For the holy week, I had planned to read something that was not required reading. Nothing that was remotely related to my line of work. Nothing that everybody else was reading that I had to read so as not to feel out of place in dinner conversations. Nothing life-changing, mind-boggling, or gut-wrenching. In other words, I was in serious need of fluff.
And fluff was had.
Simon & Schuster’s Style, by designer cum author kate spade, is the perfect no-brainer book to decompress after one of the most stressful months of my 40-year life. No IQ cells were disturbed in the delightful process of reading. No brows knit. No thoughts provoked. No worldviews challenged. No words looked up at dictionary.com. And there were pretty pictures too!
Reading all 109 pages of this book felt like those ditzy gab-fests with girlfriends talking about feminine products, childhood crushes, and favorite Oprah episodes.
Kate writes about her style influences – Diana Vreeland, Bjork; Jane Austen, Dr. Seuss; Picasso, Andy Warhol; movies like Annie Hall, The Royal Tenenbaums. She doesn’t really try to teach anyone about style, since she (and husband Andy; and language masters Strunk and White) thinks that style is achieved by affecting none. So, instead, she just shares her own style – what she packs for a trip to Mexico or Kansas; her favorite colors, and with what she pairs them with; what she wears to work, to play, to a party, in winter, spring; her favorite accessories. The last chapter shares practical tips for organizing closets and caring for clothes and jewelry.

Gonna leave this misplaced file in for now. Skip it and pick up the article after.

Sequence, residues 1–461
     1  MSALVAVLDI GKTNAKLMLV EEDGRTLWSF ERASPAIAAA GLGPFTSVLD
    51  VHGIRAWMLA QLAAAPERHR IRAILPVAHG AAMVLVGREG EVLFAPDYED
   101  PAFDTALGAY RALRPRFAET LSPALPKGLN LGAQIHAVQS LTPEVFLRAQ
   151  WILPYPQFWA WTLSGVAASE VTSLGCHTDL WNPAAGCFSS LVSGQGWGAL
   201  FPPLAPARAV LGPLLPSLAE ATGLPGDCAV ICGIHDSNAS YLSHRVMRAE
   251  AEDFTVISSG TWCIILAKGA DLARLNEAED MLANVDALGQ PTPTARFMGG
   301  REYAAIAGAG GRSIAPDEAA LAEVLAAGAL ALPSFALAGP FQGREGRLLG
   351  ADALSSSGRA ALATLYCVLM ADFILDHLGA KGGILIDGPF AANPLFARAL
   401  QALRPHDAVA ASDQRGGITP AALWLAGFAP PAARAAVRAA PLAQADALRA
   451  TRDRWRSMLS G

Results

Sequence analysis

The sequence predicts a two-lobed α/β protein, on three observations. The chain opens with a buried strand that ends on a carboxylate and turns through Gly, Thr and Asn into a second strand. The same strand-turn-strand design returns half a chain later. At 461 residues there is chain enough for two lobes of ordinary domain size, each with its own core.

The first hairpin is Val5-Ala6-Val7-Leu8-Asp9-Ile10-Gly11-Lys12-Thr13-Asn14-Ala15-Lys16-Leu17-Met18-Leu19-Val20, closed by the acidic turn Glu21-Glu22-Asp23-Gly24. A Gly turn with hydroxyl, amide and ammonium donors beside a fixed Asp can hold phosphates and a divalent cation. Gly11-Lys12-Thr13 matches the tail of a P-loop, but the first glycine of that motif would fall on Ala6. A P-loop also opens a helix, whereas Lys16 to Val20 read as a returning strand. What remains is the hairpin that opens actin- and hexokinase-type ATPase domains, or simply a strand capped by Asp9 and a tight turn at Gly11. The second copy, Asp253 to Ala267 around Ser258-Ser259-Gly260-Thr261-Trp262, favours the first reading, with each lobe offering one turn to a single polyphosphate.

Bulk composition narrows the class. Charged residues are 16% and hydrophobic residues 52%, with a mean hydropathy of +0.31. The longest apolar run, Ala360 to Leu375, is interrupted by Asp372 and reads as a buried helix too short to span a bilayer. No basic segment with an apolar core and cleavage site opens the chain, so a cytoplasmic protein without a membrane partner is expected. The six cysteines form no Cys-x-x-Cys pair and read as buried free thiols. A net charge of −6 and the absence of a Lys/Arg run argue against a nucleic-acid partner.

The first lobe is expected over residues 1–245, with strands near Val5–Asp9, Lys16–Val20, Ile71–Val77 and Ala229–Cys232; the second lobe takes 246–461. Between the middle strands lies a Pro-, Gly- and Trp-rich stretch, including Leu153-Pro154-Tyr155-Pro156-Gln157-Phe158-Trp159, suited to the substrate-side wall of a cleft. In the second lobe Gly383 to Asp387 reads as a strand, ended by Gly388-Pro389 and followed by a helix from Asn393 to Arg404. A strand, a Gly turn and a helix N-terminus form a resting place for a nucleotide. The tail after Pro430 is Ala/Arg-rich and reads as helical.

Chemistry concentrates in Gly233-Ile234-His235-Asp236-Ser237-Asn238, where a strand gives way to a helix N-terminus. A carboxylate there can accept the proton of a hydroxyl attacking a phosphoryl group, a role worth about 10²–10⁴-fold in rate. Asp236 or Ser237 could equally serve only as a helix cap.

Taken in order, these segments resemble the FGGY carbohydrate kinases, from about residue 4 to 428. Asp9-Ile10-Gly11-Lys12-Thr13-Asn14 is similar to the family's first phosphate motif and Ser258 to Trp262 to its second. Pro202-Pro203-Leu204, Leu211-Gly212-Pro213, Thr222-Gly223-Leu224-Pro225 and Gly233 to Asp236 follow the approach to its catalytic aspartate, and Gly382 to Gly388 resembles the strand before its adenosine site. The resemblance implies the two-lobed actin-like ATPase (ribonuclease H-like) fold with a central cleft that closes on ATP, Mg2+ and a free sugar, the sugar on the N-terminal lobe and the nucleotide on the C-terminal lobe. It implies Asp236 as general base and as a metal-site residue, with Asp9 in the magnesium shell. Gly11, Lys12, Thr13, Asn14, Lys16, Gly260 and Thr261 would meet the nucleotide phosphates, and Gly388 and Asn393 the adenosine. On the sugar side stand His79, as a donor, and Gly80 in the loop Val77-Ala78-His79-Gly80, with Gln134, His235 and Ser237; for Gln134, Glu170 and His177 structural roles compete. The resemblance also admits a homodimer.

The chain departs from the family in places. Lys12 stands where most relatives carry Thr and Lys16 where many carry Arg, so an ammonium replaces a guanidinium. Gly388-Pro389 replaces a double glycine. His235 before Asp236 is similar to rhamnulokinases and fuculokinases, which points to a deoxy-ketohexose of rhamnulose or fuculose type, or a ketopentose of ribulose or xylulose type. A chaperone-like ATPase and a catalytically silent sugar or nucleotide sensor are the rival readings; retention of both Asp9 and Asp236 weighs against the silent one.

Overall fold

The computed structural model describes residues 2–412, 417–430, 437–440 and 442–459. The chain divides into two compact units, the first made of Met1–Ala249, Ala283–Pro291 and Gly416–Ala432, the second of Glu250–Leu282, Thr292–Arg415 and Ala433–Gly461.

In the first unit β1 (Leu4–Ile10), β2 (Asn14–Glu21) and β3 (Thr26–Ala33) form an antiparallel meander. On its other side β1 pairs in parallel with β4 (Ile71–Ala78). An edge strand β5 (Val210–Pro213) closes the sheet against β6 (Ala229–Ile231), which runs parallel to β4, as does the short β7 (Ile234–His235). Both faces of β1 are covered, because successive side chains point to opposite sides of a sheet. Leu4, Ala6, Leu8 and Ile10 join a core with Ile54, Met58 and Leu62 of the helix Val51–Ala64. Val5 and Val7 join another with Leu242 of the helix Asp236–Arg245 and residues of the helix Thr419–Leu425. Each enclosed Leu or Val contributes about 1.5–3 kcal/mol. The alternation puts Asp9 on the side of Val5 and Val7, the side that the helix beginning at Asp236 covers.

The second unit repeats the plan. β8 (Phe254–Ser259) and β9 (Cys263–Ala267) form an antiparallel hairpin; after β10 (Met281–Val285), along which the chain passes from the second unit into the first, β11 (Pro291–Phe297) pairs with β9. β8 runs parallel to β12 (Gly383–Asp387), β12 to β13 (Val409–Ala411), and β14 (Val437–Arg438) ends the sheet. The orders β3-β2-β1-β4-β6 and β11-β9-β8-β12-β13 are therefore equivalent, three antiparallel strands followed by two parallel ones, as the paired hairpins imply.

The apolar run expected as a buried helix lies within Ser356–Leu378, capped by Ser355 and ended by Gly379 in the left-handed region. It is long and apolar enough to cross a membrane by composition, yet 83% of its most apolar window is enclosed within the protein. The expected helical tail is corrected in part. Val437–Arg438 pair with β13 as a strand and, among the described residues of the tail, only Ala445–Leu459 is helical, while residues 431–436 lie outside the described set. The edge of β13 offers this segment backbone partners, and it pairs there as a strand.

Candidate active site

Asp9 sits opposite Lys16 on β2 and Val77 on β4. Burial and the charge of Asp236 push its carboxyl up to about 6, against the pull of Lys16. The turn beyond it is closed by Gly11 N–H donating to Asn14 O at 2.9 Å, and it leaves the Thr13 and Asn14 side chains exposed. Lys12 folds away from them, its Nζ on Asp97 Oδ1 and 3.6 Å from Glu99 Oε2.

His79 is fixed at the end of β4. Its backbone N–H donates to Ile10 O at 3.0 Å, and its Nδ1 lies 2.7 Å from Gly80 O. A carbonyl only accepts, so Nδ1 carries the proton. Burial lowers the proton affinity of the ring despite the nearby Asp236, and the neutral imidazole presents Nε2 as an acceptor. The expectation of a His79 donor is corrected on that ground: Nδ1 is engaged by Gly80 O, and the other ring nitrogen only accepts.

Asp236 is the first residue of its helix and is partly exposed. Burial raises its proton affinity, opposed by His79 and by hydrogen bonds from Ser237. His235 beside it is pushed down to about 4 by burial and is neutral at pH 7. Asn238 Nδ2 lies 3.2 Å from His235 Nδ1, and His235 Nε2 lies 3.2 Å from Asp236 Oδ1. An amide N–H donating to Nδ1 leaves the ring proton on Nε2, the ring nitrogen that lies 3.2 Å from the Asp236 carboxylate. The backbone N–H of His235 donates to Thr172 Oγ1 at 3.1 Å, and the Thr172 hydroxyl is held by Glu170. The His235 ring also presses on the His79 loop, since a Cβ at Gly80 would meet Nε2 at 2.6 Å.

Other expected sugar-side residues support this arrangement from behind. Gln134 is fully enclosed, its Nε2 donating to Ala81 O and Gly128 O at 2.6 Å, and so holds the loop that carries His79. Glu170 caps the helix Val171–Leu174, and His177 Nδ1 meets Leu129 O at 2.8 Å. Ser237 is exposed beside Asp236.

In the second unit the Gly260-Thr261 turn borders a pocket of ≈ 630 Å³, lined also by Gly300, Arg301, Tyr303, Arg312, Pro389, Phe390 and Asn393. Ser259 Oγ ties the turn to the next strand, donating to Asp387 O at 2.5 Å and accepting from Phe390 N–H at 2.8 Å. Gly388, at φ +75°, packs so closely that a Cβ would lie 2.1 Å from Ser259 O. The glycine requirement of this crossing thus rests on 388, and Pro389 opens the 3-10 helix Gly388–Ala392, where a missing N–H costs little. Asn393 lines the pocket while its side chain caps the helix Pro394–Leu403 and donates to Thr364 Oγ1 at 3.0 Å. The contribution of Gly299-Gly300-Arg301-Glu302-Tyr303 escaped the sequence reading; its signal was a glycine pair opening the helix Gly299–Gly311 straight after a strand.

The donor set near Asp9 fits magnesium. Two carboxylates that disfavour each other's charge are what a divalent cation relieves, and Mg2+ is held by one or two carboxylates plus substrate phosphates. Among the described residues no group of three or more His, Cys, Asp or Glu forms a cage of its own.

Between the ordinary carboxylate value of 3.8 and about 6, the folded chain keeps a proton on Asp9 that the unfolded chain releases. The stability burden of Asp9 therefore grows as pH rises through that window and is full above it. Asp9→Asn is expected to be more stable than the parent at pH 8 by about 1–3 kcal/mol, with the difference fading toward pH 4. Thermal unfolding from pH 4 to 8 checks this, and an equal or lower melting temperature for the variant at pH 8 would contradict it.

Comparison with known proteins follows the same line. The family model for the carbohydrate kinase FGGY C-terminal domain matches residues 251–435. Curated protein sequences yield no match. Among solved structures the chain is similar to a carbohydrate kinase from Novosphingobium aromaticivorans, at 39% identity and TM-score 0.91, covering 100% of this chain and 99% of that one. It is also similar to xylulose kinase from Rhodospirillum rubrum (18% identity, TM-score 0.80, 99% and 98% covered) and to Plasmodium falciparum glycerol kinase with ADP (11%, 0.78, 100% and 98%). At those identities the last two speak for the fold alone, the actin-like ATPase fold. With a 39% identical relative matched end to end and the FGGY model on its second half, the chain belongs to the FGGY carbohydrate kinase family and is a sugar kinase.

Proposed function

People don’t normally believe it when I say I’m not into brands. Yet it’s true. I’m no fashion victim, wanting to have the latest must-have brands. I’m not going to spend one month’s salary (or my husband’s salary) for a monogrammed Louis Vuitton. Jimmy Choos won’t exactly make me squeal with delight if the fit is bad on my farmer-proportioned feet and the styling does not make me feel, “me.” I’ll be equally happy with a tiangge-find no-brand plastic tote as with a Coach original. Okay, that’s not true. But what I’m trying to say is the brand is not the main thing. Brands, to me, are merely clues to good buys. They just make shopping a bit easier as they lead me to stores where I can find certain types of items at the required level of quality.
I’m no brand junkie, yet, I have this healthy obsession with Kate Spade. She is, to a degree, my style icon. I like what she represents – a lifestyle of enjoying what is beautiful, expressive, distinct, stylish.
Kate’s style is far from mine. She does not wear t-shirts; I live in them. She can wear yellow; the only time I wore yellow was to our high school reunion and only because that was the theme. Kate’s favorite fonts are baskerville and futura; mine is trebuchet. She likes full skirts; I have child-bearing hips that forever preclude such items from my wardrobe. But this book inspires me to define my own style. Not by plagiarizing other people’s style, but by opening myself to the world around me – to books, movies, art, travel, people that move me.
After reading this book, I conclude that sometimes, fluff is good for the soul.
P.S. Thanks, Sana, for giving me this book.